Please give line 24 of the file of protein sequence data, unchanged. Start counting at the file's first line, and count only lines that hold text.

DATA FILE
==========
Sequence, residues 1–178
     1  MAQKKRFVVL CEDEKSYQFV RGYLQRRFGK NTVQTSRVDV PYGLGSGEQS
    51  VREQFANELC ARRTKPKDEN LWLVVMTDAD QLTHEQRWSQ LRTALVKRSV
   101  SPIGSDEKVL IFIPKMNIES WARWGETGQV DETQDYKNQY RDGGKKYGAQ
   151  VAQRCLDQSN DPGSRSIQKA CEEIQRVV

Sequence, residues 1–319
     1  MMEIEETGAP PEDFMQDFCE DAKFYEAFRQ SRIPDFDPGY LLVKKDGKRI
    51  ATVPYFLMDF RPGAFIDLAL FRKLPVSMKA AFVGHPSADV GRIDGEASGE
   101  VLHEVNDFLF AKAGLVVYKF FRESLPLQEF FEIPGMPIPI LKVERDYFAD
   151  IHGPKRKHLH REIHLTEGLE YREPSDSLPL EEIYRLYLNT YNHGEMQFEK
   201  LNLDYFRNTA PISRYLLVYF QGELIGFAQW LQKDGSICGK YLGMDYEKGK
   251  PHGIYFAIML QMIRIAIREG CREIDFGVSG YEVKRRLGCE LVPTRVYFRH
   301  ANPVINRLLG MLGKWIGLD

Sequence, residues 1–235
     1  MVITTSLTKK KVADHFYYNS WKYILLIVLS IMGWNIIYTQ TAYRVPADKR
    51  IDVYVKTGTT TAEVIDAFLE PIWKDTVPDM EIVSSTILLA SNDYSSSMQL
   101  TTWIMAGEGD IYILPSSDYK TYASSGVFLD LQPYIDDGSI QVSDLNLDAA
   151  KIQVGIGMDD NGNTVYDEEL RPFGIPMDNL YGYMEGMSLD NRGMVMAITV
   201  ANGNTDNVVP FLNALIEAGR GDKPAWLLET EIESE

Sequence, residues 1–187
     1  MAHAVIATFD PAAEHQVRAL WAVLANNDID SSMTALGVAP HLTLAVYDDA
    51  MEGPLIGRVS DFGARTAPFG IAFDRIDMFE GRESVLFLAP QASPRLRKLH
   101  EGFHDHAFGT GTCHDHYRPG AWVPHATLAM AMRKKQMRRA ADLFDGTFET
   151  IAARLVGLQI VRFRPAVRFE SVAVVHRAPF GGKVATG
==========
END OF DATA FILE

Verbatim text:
   151  IAARLVGLQI VRFRPAVRFE SVAVVHRAPF GGKVATG